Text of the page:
The 'incoming queue processor' is code which asks couchdb for database changes as they are happening. Each time a new change is seen, raindrop determines the schema-id for the item, determines which extensions need to run over the items and executes those extensions. These extensions will generally create new documents, which are written as normal - but this writing of the new documents then triggers couch to report these as database changes, and the process repeats.

Backlog Queue

While the 'incoming queue' works fine in the perfect world, the reality is that in some cases we need to execute extensions over items which previously existed in the database. In this model, all extensions are executed independently from each other over these old documents in the order they were created in the database. The "state" (ie, exactly where in this changelist the extension is currently at) is maintained independently for each extension, so when raindrop restarts the extension can be continued where it left off. As a result, extensions which are slower may take longer to get through the backlog than others - in other words, each extension has a completely independent position in the changelist than others. Individual extensions, or all extensions, can be processed in this way.


The Front End of Raindrop is the part that constructs the user interface. It calls APIs on the back end to populate the UI with data. The user interface is plain HTML, JavaScript and CSS. It is served as static files from CouchDB.

Code Layers

The Front End has the following logical sections:

  1. JavaScript Data API files that wrap the sometimes-complex chain of CouchDB calls (in raindrop/client/lib/rd/api)
  2. UI Widgets that use the JavaScript API (in raindrop/client/lib/rdw)
  3. Web Applications that use the UI Widgets (in raindrop/client, the directories that are not "lib", "dojo" or "bespin".

JavaScript Data API

  ids: []
.ok(function(json) {

.error(function(err) {


UI Widgets

The UI widgets use the JS Data API to display some aspect of the back-end data. They are located in raindrop /client/lib/rdw/ directory. Most widgets derive from the rdw._Base base "class". Dojo's Dijit widget system is used for the basis of the widgets. rdw._Base uses dijit._Widget and dijit._Templated. It also loads a default i18n bundle and creates some utility methods for dealing with child widgets.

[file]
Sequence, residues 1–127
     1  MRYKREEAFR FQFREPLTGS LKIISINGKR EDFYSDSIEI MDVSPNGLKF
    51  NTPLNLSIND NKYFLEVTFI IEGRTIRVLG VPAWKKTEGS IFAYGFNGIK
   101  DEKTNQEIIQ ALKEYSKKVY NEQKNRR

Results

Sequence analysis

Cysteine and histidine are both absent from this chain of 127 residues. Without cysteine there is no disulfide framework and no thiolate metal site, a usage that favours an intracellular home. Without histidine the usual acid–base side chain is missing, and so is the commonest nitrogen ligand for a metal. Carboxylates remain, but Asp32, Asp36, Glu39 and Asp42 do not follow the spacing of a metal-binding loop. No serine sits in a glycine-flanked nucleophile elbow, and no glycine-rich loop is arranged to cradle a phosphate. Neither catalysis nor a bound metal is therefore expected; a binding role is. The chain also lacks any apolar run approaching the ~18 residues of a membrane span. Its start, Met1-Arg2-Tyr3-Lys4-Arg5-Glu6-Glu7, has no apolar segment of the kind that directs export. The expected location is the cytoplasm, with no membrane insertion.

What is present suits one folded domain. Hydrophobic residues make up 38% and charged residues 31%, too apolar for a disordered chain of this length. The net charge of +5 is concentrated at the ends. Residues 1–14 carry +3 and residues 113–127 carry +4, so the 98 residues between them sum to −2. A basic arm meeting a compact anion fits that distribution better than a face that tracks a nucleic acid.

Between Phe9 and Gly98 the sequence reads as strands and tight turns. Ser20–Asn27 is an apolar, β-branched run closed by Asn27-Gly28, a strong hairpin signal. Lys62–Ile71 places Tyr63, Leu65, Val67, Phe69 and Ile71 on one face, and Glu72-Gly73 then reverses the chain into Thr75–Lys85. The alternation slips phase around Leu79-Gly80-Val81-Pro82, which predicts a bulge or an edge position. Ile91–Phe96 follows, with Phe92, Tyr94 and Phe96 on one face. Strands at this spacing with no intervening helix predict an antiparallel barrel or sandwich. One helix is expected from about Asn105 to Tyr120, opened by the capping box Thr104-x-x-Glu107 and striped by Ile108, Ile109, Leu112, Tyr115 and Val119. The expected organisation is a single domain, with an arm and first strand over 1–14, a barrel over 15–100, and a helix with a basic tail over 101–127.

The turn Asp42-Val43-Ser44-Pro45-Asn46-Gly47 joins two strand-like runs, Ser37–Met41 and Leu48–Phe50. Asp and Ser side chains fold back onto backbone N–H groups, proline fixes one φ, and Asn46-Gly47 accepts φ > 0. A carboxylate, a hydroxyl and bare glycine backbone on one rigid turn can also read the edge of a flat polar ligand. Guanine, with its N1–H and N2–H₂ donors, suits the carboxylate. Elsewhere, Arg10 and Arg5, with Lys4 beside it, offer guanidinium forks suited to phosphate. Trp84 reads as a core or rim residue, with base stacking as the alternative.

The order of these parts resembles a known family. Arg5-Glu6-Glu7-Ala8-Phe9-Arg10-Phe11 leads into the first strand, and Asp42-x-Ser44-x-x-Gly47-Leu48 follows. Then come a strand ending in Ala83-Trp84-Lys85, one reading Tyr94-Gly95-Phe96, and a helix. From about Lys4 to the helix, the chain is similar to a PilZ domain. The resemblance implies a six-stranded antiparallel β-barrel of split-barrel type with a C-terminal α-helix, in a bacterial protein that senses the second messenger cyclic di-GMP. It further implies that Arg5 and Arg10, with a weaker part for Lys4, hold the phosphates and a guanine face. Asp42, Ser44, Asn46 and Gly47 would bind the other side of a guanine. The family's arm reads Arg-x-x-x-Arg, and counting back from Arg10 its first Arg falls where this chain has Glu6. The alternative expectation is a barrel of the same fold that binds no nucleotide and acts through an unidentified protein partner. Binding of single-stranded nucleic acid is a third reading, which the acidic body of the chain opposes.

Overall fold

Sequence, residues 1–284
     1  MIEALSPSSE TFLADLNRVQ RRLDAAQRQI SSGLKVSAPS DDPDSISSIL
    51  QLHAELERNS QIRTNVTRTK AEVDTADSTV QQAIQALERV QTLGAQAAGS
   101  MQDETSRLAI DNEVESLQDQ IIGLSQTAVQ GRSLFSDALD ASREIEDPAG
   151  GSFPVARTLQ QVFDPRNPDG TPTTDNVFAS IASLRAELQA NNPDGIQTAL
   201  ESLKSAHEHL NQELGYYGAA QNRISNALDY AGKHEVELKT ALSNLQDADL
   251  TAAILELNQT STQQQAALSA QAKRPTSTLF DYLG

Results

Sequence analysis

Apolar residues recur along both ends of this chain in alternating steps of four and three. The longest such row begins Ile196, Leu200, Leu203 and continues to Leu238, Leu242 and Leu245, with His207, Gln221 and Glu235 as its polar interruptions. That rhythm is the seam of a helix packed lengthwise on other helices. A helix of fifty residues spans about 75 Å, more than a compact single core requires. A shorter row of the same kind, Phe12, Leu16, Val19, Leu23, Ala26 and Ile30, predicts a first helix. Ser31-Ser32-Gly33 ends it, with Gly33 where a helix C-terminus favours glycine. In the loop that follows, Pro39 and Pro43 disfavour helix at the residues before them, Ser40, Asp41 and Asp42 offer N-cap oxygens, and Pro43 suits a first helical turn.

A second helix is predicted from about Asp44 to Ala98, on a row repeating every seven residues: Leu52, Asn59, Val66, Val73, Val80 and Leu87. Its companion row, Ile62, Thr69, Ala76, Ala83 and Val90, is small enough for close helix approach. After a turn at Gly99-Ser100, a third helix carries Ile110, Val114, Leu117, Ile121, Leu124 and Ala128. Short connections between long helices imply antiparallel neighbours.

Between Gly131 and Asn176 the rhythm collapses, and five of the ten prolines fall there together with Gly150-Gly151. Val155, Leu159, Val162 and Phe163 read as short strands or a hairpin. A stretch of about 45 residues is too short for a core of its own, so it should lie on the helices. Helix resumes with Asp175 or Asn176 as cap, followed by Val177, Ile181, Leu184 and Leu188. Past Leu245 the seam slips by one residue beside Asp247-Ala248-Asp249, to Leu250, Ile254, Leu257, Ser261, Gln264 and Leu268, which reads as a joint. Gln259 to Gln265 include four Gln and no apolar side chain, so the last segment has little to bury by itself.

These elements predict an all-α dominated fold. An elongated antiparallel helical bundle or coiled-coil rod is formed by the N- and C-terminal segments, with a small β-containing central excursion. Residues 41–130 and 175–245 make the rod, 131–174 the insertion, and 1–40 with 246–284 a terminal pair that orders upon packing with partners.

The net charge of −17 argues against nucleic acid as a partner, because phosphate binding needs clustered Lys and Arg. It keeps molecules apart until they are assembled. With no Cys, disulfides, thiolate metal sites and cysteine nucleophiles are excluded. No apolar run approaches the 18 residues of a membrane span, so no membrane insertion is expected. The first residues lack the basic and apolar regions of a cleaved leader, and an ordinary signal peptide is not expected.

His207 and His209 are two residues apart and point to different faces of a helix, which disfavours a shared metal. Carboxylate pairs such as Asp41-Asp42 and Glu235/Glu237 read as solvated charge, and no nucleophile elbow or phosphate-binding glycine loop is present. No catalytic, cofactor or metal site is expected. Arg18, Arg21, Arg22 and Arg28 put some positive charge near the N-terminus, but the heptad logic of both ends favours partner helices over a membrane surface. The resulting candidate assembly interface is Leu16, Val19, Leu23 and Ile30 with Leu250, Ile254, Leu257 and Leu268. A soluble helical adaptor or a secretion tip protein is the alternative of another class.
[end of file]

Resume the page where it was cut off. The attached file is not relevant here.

Web Applications

The highest level of the code structure is applications. They are HTML, JavaScript and CSS files that reside in the rdw/client folder. Right now, the following apps have been started:

  • raindrop/rdw/client/extender/ - The UI for a user to create simple extensions and try them while they edit.
  • raindrop/rdw/client/inflow/ - The main application for raindrop -- shows your messages with a focus on conversations and person-to-person interaction.
  • raindrop/rdw/client/inflowgrid/ - An experiment that explores an alternate presentation of the inflow app using a strict grid layout.
  • raindrop/rdw/client/rd_list/ - A listing of installed applications. Not very interesting at the moment, but may gain more importance as other apps are written for the raindrop platform.
  • raindrop/rdw/client/settings/ - Shows the user's accounts, allows them to enter credentials for each account.


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  • Apache CouchDB™ is a database that uses JSON for documents, JavaScript for MapReduce indexes, and regular HTTP for its API.